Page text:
This thesis presents the results of a detailed study on arsenic removal from water using seawater-neutralised red mud (Bauxsol), and incorporates six papers that describe and discuss the experimental work carried out as part of the PhD project. Increasingly stringent legislation on the permissible concentrations of arsenic in drinking water has led to increased investigations of the occurrence, chemical speciation and mobility of arsenic in natural waters and of methods for removing arsenic during water treatment. Epidemiological studies suggest that there are significant health risks, including cancer, associated with prolonged exposure to elevated arsenic concentrations in drinking water even at quite low concentrations. Although background arsenic concentrations in natural environments are usually low, arsenic concentrations are high in many parts of the world due to mobilisation from natural geological sources or at a smaller scale from industrial pollution. While arsenic associated with industrial pollution can be managed by improving process engineering and environmental management practices, making water that has a naturally high arsenic content safe to drink requires some form of water treatment to reduce arsenic concentrations. This study addresses the water treatment approach and focuses on developing new arsenic removal technologies that use the red mud residues from bauxite refineries as a new sorbent. Arsenic can exist in natural waters in both organic and inorganic forms, however only the inorganic forms, arsenate (As(V)) and arsenite (As(III)), are considered in this study because all available data indicate that the amount of organic arsenic in drinking water sources is insignificant. The experiments carried out during this study address the removal of both arsenate and arsenite using Bauxsol and new sorbents developed during the study as derivatives of Bauxsol. The study examines both arsenate and arsenite, but the greatest emphasis is placed on the arsenate because both the published literature and the preliminary part of this study indicate that it is very difficult to adsorb uncharged arsenite at near neutral pH values and that the simplest approach is to oxidise arsenite to arsenate for efficient sorption. In this study seawater-neutralised red mud (Bauxsol) is used under a wide range of experimental conditions and it is found that Bauxsol removes arsenate much more effectively than unneutralised red mud. Neutralisation of the caustic red mud is an essential step in developing an effective arsenic adsorbent from red mud. Seawaterneutralisation increases the calcium content of red mud and data obtained during this study show that the presence of calcium has a positive effect on the arsenic removal. Seawater-neutralisation also decreases the pH of red mud from about 13 to 8.2 - 8.8. The removal of arsenate from water using Bauxsol is sensitive to several parameters tested, including pH, ionic strength, adsorbent dosage, initial arsenate concentration and the source water composition. Arsenate is an anion in a wide pH range, and its increasing adsorption with decreasing pH indicates ligand-like adsorption. The adsorption is independent of ionic strength, suggesting the formation of inner-sphere complexes. Lower arsenate concentrations and higher adsorbent dosages enhanced arsenate removal, but high adsorbent dose rates are not practical. Because the experiments are carried out using deionised water, the effect of other ions likely to be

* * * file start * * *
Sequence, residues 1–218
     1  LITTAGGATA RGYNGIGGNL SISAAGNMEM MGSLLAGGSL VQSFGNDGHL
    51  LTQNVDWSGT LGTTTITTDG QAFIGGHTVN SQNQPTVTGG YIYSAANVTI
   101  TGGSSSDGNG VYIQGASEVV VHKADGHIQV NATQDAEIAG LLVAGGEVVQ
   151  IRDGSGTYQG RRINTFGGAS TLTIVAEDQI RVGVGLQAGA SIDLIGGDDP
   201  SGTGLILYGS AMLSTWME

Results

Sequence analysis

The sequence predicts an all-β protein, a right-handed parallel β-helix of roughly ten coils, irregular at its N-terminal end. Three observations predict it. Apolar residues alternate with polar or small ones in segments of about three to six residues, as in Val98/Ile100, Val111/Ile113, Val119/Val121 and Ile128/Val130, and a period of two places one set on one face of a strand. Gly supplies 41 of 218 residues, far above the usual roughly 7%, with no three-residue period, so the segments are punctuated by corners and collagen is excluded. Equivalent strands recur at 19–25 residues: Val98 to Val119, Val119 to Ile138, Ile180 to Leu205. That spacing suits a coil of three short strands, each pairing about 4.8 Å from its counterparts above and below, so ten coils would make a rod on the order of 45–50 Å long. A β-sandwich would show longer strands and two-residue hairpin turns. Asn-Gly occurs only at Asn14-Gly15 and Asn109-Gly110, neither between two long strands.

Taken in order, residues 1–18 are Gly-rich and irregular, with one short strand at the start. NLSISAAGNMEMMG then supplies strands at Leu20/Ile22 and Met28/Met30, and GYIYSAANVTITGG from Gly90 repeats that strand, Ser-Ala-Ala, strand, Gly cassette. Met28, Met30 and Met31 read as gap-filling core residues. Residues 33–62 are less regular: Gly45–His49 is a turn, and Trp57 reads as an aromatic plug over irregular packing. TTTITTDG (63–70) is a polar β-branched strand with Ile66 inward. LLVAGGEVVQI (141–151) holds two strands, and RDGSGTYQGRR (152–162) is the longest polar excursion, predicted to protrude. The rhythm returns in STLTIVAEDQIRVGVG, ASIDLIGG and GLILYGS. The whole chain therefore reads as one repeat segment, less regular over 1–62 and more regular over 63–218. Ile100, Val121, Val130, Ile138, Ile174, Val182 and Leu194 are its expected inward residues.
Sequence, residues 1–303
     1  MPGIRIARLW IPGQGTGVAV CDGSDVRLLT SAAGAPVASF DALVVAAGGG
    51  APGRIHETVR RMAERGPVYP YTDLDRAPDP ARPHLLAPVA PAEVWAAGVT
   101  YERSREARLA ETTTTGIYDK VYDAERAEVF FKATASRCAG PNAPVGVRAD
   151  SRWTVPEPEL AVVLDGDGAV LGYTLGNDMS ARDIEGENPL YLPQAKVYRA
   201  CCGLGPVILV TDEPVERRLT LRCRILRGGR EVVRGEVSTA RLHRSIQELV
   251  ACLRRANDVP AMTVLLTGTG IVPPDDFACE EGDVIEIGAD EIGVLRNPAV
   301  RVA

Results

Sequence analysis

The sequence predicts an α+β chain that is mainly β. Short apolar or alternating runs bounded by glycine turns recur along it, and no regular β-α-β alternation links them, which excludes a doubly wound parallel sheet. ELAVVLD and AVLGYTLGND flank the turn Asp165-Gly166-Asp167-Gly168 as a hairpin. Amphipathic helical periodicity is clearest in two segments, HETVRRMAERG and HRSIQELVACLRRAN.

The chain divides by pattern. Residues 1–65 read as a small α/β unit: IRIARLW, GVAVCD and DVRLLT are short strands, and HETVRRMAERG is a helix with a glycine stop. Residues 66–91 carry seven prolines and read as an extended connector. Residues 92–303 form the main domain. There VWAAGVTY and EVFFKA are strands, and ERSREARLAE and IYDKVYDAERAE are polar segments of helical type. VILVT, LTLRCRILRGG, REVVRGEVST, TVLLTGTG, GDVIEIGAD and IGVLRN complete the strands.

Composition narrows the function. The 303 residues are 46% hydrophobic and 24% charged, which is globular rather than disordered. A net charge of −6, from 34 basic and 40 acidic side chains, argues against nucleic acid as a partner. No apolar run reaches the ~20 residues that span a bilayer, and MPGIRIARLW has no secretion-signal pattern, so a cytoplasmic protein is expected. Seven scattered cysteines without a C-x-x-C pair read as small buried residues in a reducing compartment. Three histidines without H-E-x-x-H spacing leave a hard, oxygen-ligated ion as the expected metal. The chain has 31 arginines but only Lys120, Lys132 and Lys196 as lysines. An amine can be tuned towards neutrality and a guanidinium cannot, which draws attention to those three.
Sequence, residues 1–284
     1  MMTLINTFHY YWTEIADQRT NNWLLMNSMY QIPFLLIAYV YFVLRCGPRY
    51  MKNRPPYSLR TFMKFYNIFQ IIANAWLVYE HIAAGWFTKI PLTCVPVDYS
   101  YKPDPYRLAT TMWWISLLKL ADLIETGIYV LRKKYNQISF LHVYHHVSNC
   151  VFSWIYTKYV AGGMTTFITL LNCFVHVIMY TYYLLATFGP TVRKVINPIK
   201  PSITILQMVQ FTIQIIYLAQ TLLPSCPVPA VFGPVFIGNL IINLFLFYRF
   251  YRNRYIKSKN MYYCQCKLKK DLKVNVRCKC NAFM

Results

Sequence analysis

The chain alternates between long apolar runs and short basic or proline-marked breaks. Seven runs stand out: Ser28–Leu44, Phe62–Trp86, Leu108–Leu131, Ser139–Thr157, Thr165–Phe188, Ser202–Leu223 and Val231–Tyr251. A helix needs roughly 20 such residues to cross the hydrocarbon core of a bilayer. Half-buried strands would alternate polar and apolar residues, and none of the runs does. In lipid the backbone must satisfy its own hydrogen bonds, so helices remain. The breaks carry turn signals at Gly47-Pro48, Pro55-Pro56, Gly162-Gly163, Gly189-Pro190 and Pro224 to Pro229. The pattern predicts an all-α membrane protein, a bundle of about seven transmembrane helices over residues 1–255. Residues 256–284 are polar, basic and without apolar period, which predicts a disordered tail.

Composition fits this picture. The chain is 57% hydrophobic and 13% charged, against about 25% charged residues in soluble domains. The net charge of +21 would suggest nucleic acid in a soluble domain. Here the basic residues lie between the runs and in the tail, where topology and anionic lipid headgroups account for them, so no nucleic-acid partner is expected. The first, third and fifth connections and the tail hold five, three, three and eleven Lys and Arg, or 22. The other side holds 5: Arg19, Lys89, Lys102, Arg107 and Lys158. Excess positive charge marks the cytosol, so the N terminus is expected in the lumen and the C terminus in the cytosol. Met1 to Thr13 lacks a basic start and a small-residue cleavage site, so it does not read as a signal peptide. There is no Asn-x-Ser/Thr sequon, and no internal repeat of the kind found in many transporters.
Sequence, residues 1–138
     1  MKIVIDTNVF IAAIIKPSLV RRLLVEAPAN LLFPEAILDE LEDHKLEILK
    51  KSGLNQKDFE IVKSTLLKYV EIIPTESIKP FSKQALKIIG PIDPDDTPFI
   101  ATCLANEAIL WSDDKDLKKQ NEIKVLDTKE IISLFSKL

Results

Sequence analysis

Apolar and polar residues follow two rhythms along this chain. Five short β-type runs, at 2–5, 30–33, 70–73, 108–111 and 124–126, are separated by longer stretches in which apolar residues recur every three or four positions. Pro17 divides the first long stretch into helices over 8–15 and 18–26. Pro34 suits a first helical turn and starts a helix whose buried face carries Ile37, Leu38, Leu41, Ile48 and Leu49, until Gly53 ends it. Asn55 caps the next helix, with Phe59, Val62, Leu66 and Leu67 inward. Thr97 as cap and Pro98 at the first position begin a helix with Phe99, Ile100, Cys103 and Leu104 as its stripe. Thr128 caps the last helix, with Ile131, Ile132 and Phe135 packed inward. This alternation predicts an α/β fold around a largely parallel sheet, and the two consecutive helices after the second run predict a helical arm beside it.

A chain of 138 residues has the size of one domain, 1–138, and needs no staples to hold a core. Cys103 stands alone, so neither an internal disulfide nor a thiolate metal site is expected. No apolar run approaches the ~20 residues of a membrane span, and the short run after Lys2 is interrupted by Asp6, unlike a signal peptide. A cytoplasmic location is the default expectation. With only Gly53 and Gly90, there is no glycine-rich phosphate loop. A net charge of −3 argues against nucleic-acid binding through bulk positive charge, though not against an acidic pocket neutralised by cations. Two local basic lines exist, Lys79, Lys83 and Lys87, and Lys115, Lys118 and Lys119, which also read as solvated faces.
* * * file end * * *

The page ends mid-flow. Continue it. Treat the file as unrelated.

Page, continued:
present in potable water is also investigated. Tests conducted with added Ca2+, HCO3-, or Cl- showed that under the experimental conditions used, Ca2+ increases arsenate removal possibly due to the increase in the positive charges on the Bauxsol surface, while HCO3- reduces arsenate removal, and Cl- has a negligible effect on arsenate removal. This part of the study concluded that Bauxsol had a good arsenate removal capacity when sufficient adsorbent was used i.e. > 5 g/L, but it is not yet able to compete with other widely used adsorbents. Thus, either Bauxsol could be used as a cost-effective pre-treatment method before applying other more costly arsenate removal methods, or its sorptive capacity could be increased to make it competitive with other conventional sorbents. The possibility of increasing the arsenate sorption capacity of Bauxsol is investigated in the second part of this study, where acid treatment, combined acid and heat treatment and addition of ferric or aluminum sulfate are tested. When acid treatment or combined acid and heat treatment are applied, the arsenate removal capacity of Bauxsol is significantly increased together with the reactive surface area of the sorbent. Of these acid and heat treated Bauxsol, herein named activated Bauxsol (AB), was the most effective possibly because the heat treatment allowed the Bauxsol to develop more porosity. Unexpectedly, the addition of ferric or aluminum sulfate reduced the arsenate removal capacity of the sorbent. Several reasons are proposed for the reduction of arsenate removal when ferric or aluminum sulfate are added, but it is most likely caused by the formation of a gelatinous precipitate that occludes some of the potential sorptive sites; the use of ferric chloride may provide an alternative worthy of future investigation. In this study the results clearly indicate that, of the sorbents tested, AB has the highest affinity for arsenate and that AB can perform very effectively even in the presence of competing anions including, phosphate, silicate, sulfate, and bicarbonate. With the promising results obtained for using AB in this part of the study, further investigations were designed to elucidate the sorptive characteristics of the AB adsorbent to understand how it worked and to optimise its performance. In the third stage of this study, detailed laboratory investigations were carried out to develop an understanding of arsenic removal using AB; in this work the removal of arsenite by AB is studied in addition to the removal of arsenate. Arsenic removal is tested under different pH, adsorbent dosage, initial arsenic concentration, temperature, ionic strength and particle size conditions. As with ordinary Bauxsol, arsenate removal using AB is favoured by decreasing pH, and ionic strength had minor effect, suggesting ligand-like adsorption and inner-sphere complex formation, respectively. Higher temperatures favoured arsenate removal, whereas initial arsenate concentration had no effect on the removal efficiency, and the adsorbent particle size had only a minor effect. When the adsorbent dosage is increased, arsenate removal also increased, but it was found that if arsenic exists in the arsenate form, adsorbent dosages as low as 0.4 g/L are enough to achieve WHO standards 0.01 mg/L under pH and initial arsenate concentration conditions similar to real life conditions. Arsenite adsorption on the other hand, is favoured by slightly alkaline pH values with maximum adsorption recorded at pH 8.5; arsenite removal decreased with increasing initial arsenite concentration. Overall, AB was found to be a very effective adsorbent especially for arsenate removal from water with a sorptive capacity comparable to other conventional sorbents.